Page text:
In short, "reading as a writer" consists of identifying and being able to put into words what you like about a particular story so you can tweak and twist those things for your own use. It's not replicating them exactly; it's adding them to your mental arsenal of "things you like" for future reference. You may like snappy dialogue, or eerie atmospheric description, or long descriptions of how a character feels. That part is up to you. 

Casual reading (which is good also) means just knowing that you like what you're reading. But reading as a writer means realizing exactly what you like and why.

Wednesday, January 2, 2013

On Being a Teenage Author

Whenever I tell anyone that my first novel is being published, the reaction I get most often is this: "Oh my God, you wrote a novel?"

I always wonder if other first-time published authors get the same reaction, or whether I just get it because I'm a teenager. Whenever anyone says that to me it always feels a bit strange--because this novel isn't my first. Yes, I've written a novel. In fact, I've written eight. 

I started really writing when I was twelve, and I've never stopped. At first it was just a hobby, something I did when I was bored. My writing was veeeeeery sucky for a while (naturally--there's a learning curve for everything, right?) but as I got older and more experienced, things, slowly, slowly began to get better. I learned the arts of plot and dialogue, the nuances of character, the balancing act of description. I got older, my writing progressed into something that truly defines who I am as a person. Nowadays, I am nearly always writing or mentally plotting out what I am going to write next. 

But still, strangely, even when I told people I'm fairly close to that my book was being published, I got that reaction--"You wrote a novel?" 

Being a teenage author is a strange thing. I think it's because I'm so busy doing other things--school, college apps, sports, etc.--that it seems, from the outside, like writing isn't a terribly prominent part of my life. In truth, I often stay up until obscene hours in the night so I can do my bit of writing for the day in the midst of everything else. Whenever I space out and miss what my friends are saying, I'm usually thinking about my novel's next plot point. And yet, despite the fact that my writing is so important to me, personally, it rarely comes up in day-to-day conversation, and some people I've known for years don't know that this whole novel-publishing shebang is happening. It's a strangely quiet process.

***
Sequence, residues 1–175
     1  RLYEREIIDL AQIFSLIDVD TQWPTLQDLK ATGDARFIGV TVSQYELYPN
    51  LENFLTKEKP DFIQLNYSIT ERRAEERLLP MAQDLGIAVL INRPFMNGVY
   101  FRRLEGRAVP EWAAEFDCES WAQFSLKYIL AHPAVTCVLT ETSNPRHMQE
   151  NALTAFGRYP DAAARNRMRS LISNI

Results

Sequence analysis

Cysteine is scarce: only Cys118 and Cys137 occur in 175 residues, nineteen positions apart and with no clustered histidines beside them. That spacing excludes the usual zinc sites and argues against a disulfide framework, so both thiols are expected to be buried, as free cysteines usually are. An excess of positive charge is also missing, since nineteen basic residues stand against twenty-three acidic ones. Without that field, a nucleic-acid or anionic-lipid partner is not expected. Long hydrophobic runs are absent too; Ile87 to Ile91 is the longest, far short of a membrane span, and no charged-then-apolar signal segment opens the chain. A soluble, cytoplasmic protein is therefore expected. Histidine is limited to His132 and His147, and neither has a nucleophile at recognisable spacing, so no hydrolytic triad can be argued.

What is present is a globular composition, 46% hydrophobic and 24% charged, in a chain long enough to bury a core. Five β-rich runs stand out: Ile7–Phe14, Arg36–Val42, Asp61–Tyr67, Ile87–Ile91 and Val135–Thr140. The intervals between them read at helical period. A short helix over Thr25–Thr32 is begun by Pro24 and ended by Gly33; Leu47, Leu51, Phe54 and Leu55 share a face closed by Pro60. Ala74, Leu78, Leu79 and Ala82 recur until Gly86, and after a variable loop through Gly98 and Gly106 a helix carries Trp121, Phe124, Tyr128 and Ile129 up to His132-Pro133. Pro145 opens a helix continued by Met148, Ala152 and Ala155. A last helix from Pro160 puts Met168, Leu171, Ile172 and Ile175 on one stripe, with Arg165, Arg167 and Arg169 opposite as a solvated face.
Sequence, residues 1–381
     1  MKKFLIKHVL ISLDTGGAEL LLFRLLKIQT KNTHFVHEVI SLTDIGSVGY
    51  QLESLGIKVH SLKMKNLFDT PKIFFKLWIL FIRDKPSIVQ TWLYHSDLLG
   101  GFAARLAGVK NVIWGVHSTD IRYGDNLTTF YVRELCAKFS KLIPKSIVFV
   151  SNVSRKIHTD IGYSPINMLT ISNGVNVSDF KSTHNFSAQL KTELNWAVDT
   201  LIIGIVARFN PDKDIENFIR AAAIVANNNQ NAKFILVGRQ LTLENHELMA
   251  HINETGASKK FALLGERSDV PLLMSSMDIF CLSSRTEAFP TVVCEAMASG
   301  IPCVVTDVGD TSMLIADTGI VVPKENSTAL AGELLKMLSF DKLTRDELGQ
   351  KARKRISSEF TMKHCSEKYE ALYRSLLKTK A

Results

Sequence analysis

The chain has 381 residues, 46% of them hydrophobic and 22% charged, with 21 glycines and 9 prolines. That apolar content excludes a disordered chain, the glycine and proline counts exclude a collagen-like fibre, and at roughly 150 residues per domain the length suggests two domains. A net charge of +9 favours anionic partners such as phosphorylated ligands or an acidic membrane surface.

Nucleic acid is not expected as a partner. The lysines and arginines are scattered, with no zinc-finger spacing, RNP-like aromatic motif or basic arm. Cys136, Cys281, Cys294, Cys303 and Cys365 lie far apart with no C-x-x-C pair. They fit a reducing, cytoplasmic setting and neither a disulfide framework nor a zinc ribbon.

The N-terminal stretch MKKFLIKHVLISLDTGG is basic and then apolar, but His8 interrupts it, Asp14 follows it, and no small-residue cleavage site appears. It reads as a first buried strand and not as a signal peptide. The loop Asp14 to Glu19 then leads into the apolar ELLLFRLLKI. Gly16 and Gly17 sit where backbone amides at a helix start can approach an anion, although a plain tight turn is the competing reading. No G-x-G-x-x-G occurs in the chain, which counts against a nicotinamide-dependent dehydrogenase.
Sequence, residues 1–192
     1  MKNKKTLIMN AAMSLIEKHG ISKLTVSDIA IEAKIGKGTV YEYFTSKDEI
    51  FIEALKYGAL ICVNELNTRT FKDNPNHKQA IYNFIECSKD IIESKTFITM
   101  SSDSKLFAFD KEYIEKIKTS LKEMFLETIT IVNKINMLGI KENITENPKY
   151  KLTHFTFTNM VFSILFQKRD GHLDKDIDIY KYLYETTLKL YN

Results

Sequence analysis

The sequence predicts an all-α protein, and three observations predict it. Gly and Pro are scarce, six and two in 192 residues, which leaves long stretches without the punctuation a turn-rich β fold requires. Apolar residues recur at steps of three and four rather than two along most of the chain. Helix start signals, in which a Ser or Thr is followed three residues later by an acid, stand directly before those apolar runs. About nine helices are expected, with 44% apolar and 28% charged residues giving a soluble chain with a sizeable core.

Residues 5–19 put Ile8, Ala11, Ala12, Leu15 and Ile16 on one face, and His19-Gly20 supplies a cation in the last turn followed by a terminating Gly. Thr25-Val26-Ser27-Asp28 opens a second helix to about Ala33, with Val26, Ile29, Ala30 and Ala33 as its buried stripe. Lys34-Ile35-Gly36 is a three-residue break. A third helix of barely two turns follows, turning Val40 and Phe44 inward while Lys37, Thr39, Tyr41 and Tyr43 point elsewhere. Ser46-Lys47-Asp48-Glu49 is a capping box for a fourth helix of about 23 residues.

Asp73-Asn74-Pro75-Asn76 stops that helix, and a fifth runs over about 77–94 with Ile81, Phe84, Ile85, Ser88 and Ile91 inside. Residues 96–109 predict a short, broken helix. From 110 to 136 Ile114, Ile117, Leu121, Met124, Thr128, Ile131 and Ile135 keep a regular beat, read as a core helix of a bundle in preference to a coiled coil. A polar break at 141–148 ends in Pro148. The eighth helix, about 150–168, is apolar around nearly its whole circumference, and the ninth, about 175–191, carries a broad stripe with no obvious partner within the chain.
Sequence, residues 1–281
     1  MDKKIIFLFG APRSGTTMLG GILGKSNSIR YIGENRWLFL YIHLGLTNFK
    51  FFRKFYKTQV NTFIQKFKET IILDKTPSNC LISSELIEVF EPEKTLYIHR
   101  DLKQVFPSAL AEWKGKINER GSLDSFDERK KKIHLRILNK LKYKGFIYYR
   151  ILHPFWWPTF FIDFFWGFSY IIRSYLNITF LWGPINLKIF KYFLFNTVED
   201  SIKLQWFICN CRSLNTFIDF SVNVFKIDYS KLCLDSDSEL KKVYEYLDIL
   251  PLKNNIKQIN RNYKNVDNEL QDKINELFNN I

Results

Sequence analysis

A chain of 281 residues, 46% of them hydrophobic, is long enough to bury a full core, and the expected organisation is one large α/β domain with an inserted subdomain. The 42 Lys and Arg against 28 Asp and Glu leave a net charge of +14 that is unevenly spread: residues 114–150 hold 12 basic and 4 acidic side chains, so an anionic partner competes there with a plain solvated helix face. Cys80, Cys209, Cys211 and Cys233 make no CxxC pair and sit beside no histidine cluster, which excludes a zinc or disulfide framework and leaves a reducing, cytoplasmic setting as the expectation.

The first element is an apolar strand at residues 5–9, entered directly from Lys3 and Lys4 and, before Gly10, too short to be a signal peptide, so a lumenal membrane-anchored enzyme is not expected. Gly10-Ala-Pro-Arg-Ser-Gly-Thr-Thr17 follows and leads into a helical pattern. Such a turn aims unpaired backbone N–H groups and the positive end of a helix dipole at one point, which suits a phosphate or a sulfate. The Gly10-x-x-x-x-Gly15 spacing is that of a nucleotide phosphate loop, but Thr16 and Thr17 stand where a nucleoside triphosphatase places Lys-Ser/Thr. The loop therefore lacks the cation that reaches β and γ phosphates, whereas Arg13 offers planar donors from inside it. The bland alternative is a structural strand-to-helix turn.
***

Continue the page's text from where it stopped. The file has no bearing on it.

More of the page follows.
And then there's the strangeness involved in actually going through the publishing industry. You get the feeling that you're in limbo, a little bit. Not quite a child, not quite an adult. You communicate with your agent and your editor on your own and are responsible for your own work life. And yet, your contracts have all these odd little fiddly bits added on because you're underage, and whatever you sign, your parents have to sign too. You're never quite sure whether you should bring your parents with you to a meeting or not, and your editor has kids around your age. 

I've never been quite sure whether my young age is a good thing or a bad thing. Of course there are always naysayers, those who say that teens' writing sucks, as a rule. But on the other hand, my young age is something "interesting" about me that most other writers don't have. For better or worse, though, my age is something integral to my writing career--it's something I can never quite escape or forget. 

But, strangely enough, here's what I think is the secret to my success:
I've never actually believed that my age has anything at all to do with my writing. 

I've worked my butt off for the past five years, honing my craft. I write constantly. I've attended the California State Summer School for the Arts and the Iowa Young Writer's Studio, completed NaNoWriMo in the middle of the school year, and given up sleep in exchange for novels. What does it matter if I'm seventeen or fifty-seven? 

Sure, I don't have the life experiences writers older than me do, and I haven't had quite as much time to polish my writing as many other writers. Still, in the end, I don't think that the casual reader could pick up my writing and immediately figure out that it was written by someone under the age of eighteen. Don't get me wrong, I'm still learning, and I am absolutely sure my writing is far from perfect. But at the same time, I've always had a stupid amount of self-confidence, (which is not always a good thing, by the way--it gets me into some really awkward situations) and that age-blind self-confidence has led me to put my work out into the world where people can see it--and out there, awesomely enough, people have liked it so far. 

So here's my message for those of you who are reading this, teenagers or not: Ok, sometimes writing by teenagers isn't the greatest. And sometimes it is. And sometimes writing by adults isn't the greatest. And sometimes it is. And maybe the age of the author isn't really the point at all.